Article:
Oregano – Growing off the Ground

How many of my garden friends grow oregano?  I love this herb; it adds a wonderful taste to almost any dish.

After spending a nice afternoon cleaning up the garden I decided it was time to change how I grow this wonderful plant.  Oregano has a bizarre root system, it’s tough, compact, and it stays close to the surface growing out instead of deep.

Meaning it’s perfect for sharing with friends by separating with a spade without hurting the main plant.

I decided it was time to grow this plant off the ground so I moved  it into a standing container.

Transplanting Oregano

As much as I love growing oregano on the ground, I don’t like how it can take over my herb bed in a matter of weeks during the summer.  It makes it difficult to harvest because the stems are closer to the ground instead of growing up and long.

Because of that, I decided to move the plant into this can.

After adding fertilizer I went ahead and did a winter transplant as temperatures have been really mild lately. For those further north you may have to wait till March or April to transplant.

I’m happy to report this move was successful.  Now my plant can grow up producing nice long stems.

How do you grow Oregano?

Oregano Nutrition Tips

Oregano is an important culinary and medicinal herb that has been used in medicine and cooking for thousands of years.  I love it because it adds just enough flavor to any chicken, fish, or port dish.

This herb also helps with respiratory disorders, monthly cramps ladies, and urinary tract disorders. It can also be used for skin conditions such as acne and dandruff.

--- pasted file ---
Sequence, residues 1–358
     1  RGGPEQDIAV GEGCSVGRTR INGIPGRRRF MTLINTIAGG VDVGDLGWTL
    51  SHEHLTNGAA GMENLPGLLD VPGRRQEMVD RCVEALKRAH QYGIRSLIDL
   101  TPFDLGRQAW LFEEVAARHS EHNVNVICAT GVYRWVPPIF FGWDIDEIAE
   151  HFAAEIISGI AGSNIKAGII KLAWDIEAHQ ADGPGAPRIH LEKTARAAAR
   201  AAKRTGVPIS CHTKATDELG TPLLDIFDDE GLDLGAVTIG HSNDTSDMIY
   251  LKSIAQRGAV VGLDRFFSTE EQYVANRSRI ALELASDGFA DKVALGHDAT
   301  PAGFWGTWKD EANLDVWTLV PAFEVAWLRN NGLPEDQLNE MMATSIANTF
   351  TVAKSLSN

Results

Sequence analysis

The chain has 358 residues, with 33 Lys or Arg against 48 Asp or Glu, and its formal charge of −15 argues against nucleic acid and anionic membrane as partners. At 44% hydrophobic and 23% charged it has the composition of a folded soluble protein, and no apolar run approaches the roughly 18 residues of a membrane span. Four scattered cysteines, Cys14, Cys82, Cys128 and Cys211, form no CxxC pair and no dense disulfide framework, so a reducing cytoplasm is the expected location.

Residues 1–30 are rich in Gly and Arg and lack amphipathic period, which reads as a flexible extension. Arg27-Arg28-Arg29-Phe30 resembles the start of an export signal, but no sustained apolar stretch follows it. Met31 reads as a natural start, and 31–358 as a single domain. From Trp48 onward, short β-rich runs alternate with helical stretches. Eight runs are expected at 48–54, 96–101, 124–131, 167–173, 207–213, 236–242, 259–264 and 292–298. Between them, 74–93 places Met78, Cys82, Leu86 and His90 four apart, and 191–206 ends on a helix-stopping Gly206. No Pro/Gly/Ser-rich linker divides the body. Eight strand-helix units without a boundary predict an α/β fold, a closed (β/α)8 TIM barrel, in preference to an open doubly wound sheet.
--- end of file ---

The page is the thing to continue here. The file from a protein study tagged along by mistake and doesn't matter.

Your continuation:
Here’s my favorite, it’s full of Vitamin K which is good for your bones.

Do a little research on the herb and think about adding it to your garden space this spring and maybe even grow it off the ground like I decided so it can get the most sun without taking over the rest of your plants.

 

11 comments

  1. Jennifer Roe says:

    I like the idea of growing it off the ground! Mine always was overtaken by weeds in the winter, but in a pot I could maintain it better.

    1. It's working great too and will keep the rest of my herb garden from getting overrun. Loving it. Filling that can took some time, I drilled holes in it and made sure there was a lot of natural matter in the bottom before filling with the soil. Did a laying effect. -Carole

  2. Gentle Joy says:

    This is a good idea… I like re-organizing my herbs also. 🙂

  3. I have really wanted to do raised beds like this in the past, but never have had the chance yet. Thanks for sharing your methods.

    Renee, co-host of the #shinebloghop

  4. You bring the coolest things to our party! Thank you. Pinned and tweeted. We feel honored that you take the time to stop by our party. I hope to see you on Monday at 7 pm. We love to party with you! Happy Saturday! Lou Lou Girls

  5. wonderful tips. We grow basil and a few others every year. Thank you for sharing at the Thursday hop xo

  6. We just moved into a new house in Sept and have an old hot tub that we don't want to haul away. I plan on using it for an herb garden but my husband decided to plant onions so this is a great alternative! Thanks for the ideas.

    1. Maybe when the onions are done you can try the herb garden — That's a great idea I love reusing things.
      -Carole

  7. I'm going to feature this instead of the garden, i love the Oregano i use it on everything

    Thanks
    Maria

  8. Anonymous says:

    I bought an oregano plant yesterday. Since I live in Connecticut, I am planting it inside for now. If I don't kill it, I will plant it in a container come spring. Thanks for the advice.

    1. You're welcome – Great idea too – you can give it a big boost indoors before Spring. Enjoy I love this herb.
      -Carole

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